I know only one way to drive to NYC — I-91 to Exit 17 in Connecticut to Route 15. I stay on Route 15 for about two hours until I get to Manhattan and then I take a left. If that route’s not available, I’m in trouble. When driving to NYC last week, traffic stopped at Exit 23, with a blinking highway sign saying Exits 17 and 18 were closed. Clearly, I had a problem, not the least of which was an important meeting at 2 p.m. that I was now in danger of missing.
Then I remembered my new iPhone has a navigation function, which of course I have no idea how to use. I called my husband for help and he began trying his best to teach me. Eric’s quite adept at all things technical, while I struggle, which remains somewhat of a mystery to his science mind. Needless to say, driving down I-91 in three lanes of slow moving traffic is not the ideal learning environment for me. Eric kept saying, “Tricia, you need to use the tools you have at hand.” This was not helpful.
No help at all if you don’t know how to use it
Frustrated, I told him I’d figure this out somehow and let him get back to work. At this point, I’m approaching exit 20. I’m trying in vain to locate a course other than I-91 to Route 15 on the phone’s map, which appears to be showing me Massachusetts, which I’ve already driven through. So I turn to the tools I have at hand, the ones I know how to use — Southern charm and prayer. I say, “Okay, God, if you want me to make this meeting, I could use your help right about now.” Then I roll down my window and nicely ask the man in the car next to me, “Sir, do you know if I can get to Route 15 from Exit 20?” and he says, “I’ve just put it in my GPS. Follow me.”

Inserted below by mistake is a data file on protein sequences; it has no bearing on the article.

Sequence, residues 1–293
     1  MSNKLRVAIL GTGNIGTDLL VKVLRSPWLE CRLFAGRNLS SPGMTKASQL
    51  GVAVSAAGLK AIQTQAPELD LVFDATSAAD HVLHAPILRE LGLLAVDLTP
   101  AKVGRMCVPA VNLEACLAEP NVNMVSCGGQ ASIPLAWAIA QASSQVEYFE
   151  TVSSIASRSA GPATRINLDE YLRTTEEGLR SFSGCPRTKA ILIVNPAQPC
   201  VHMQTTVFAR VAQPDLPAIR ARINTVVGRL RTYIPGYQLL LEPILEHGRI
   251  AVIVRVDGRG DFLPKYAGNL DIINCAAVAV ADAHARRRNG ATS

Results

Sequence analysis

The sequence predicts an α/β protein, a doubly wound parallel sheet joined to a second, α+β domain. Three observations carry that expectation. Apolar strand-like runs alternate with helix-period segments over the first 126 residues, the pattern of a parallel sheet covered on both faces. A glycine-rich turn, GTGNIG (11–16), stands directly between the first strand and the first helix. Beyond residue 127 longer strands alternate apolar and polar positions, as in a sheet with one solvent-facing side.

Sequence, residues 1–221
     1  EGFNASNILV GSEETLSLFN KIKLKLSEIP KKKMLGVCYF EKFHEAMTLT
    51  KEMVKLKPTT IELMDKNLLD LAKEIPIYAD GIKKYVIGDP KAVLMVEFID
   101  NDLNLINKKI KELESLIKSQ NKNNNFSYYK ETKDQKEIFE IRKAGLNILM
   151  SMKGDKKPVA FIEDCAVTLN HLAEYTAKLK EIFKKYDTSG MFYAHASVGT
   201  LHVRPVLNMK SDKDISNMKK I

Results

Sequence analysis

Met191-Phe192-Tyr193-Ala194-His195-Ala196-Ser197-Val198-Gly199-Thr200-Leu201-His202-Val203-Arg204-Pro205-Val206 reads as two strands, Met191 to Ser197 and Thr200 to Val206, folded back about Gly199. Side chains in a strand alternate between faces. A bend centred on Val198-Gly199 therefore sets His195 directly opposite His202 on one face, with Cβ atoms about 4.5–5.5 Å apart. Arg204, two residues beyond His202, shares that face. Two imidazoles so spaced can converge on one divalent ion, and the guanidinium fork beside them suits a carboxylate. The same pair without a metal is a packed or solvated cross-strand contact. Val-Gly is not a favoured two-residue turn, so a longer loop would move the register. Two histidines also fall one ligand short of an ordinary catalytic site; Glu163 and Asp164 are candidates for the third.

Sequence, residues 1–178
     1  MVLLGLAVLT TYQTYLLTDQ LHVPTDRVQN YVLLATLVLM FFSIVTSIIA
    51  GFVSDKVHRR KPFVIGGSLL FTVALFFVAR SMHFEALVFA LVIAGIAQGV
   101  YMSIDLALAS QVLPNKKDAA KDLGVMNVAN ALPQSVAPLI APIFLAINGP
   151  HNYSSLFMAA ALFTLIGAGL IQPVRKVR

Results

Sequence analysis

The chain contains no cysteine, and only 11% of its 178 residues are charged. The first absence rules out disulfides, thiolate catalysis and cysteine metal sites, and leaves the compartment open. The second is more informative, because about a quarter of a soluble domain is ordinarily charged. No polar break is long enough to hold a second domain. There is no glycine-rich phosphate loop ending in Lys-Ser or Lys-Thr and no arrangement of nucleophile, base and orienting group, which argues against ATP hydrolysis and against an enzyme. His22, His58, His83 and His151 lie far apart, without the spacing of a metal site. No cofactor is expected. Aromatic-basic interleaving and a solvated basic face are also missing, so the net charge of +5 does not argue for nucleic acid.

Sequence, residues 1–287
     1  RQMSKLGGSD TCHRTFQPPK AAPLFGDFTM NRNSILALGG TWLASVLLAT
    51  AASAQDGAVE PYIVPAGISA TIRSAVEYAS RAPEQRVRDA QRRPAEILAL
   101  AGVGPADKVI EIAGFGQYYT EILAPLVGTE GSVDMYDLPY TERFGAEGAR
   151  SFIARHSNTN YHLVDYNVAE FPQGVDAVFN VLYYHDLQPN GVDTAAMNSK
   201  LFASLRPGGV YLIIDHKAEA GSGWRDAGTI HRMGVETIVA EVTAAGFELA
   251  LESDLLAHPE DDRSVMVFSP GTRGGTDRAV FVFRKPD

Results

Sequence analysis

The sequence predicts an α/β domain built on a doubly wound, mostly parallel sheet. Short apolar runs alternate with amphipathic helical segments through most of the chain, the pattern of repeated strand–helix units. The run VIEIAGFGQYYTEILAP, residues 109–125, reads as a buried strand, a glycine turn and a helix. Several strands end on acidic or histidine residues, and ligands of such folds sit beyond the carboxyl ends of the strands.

It Just Gets Better
I follow my new interstate friend for several miles and as a precaution I call up Eric again and say, “I just met a very nice man on the interstate and I am following him to Route 15. In the off chance I have misread the situation and he bludgeons me to death, here is his license plate number.” Mildly alarmed, Eric writes down the information.
After some distance, we pull into an empty restaurant parking lot. My interstate friend says, “I’m actually looking for Route 5 North and my GPS is taking me back to I-91 where I don’t want to go, but I think Route 15 is just up this road.” We then see a police officer parked in his squad car, and I ask him, “Excuse me officer, do you know where Route 15 is?” He says, “Sure, it’s just a half mile up the road. Follow me. I’ll escort you.”
Real People are Better Than Siri
I call up Eric and tell him he doesn’t have to worry about me being bludgeoned and that I’m now receiving a police escort to Route 15. I can hear him shaking his head.
The view from my parking space
About two minutes later, Route 15 to NYC appears magically in front of me. And once I get to NYC, a treasured parking space awaits me directly in front of where I am staying. The express subway to 14th Street runs smoothly and I walk into my meeting right on time.
Now, I’m not saying the iPhone’s navigation function isn’t a valuable tool — once I figure out how to use the darn thing, I know it’ll come in handy. But the thing is, if I’d used my iPhone, I would have missed seeing how kind people can be, missed experiencing the great human connection, how we all want to help one another, and I wouldn’t have had such a great story to tell. As for me, I’ll take a good story over technology any day of the week.
See more from Tricia Rose Burt.